Dirty Old Man of Indian Journalism

Khushwant SinghEven though I grew up reading Khushwant Singh’s columns in the 70s and 80s, for recent years I had not read much from or about him. For a short period I wondered if he was even alive — until my last trip to India in August when I laid my hands on what may have been one of his last books – “The Company of Women”. This book was a virtual “mastram” book, and even though he kept the reader hooked with his story telling, there were no pretensions of literary class. It looked like he had either lost his mojo in his 90s or had used a ghost writer. Khushwant Singh died today at the age of 99. He will be missed, for being part of my very early English reading, if for nothing else.
Khushwant Singh was famous for writing about his love of scotch, women and gossip. However, although he wrote a lot about these things, he was never in the news for excess of these things in his personal life. If he drank a lot of scotch, he was never in the news for it. His personal life seemed more like that of a regular family man than that of a casanova that he could have been.
The Illustrated Weekly edited by Khushwant Singh in the 70s was my first real exposure to English reading. Then in 80s his column “With Malice Towards One and All” in The Hindustan Times was my regular read. His column always ended with a joke, usually sent in by a reader. I used to send him (recycled) jokes sometimes, and he published mine once. Another time he sent me a handwritten postcard with the message “Mr. Kaul, I published a similar joke already”.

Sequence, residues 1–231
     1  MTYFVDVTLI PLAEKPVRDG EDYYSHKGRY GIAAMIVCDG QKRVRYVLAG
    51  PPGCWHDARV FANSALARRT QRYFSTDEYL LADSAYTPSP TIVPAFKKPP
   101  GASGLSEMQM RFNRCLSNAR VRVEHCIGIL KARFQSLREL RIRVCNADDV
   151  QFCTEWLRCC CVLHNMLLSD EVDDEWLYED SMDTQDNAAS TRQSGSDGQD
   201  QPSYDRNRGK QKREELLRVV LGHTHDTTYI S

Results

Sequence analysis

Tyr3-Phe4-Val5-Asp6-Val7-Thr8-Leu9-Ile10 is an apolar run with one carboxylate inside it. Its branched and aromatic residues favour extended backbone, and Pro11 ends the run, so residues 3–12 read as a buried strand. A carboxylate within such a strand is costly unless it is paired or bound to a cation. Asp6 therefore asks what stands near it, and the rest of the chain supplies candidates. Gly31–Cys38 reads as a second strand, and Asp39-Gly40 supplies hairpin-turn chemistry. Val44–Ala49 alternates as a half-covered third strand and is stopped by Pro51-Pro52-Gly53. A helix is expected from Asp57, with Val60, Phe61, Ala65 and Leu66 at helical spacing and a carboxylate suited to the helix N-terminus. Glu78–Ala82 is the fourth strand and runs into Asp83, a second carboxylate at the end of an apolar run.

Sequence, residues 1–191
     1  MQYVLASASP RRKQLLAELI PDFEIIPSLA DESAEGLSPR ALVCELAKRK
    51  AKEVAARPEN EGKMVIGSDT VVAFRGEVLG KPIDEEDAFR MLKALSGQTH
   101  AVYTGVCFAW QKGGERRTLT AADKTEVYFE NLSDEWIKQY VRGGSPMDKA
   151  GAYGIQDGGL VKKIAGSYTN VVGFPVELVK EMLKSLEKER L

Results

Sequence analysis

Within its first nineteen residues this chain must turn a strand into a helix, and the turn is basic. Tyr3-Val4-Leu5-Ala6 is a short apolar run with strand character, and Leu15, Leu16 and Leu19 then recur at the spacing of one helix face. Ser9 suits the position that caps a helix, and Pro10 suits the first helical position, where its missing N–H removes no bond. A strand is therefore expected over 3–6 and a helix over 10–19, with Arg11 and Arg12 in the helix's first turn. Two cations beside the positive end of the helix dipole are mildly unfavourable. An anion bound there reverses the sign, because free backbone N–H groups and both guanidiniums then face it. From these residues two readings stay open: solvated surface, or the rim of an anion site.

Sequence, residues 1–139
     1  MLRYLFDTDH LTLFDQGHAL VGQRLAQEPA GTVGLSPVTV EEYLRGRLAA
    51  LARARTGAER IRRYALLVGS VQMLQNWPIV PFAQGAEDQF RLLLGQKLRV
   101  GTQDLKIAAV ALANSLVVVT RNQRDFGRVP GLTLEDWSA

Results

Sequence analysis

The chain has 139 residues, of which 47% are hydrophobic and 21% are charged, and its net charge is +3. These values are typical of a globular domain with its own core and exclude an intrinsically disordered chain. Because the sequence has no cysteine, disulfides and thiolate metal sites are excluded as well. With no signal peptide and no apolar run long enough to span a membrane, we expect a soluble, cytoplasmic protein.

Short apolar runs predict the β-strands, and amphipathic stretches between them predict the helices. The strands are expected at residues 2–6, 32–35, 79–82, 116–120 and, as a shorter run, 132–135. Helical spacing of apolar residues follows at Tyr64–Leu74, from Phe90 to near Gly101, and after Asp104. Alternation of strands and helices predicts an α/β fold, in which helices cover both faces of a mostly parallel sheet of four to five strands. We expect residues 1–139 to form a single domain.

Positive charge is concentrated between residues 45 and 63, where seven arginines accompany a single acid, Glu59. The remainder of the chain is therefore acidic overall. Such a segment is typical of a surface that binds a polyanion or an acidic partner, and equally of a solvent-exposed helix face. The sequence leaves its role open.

I believe the first time I heard the word “gay” being used for homosexuals was through his column. He wrote something about the Indian word for gay could be “Khush”, even though it pointed to his name and that he was far from being gay.
Even though Khushwant called himself an atheist, he seemed to maintain a close connection with his Sikh religion. He wrote several books on Sikhism, never gave up his Sikh headgear, and even returned his Padma Bhushan in protest against Operation Bluestar.
Even though I haven’t read too many of Khushwant Singh’s books, the “Train to Pakistan” is a memorable one and was also made into a feature film.
Here’s a little excerpt from his column from a few years ago:

I also got a lot of hate mail. It did not upset me. However, one letter from Canada became a memento. It had the foulest Punjabi abuse accusing me of all manners of incestuous relationships. They were in Gurmukhi. Only the address was in English and very brief: “Bastard Khush-want Singh, India”.
I was most impressed by the efficiency of the Indian Postal Service in locating the address of the one and only bastard in the country.

Good bye, Khush!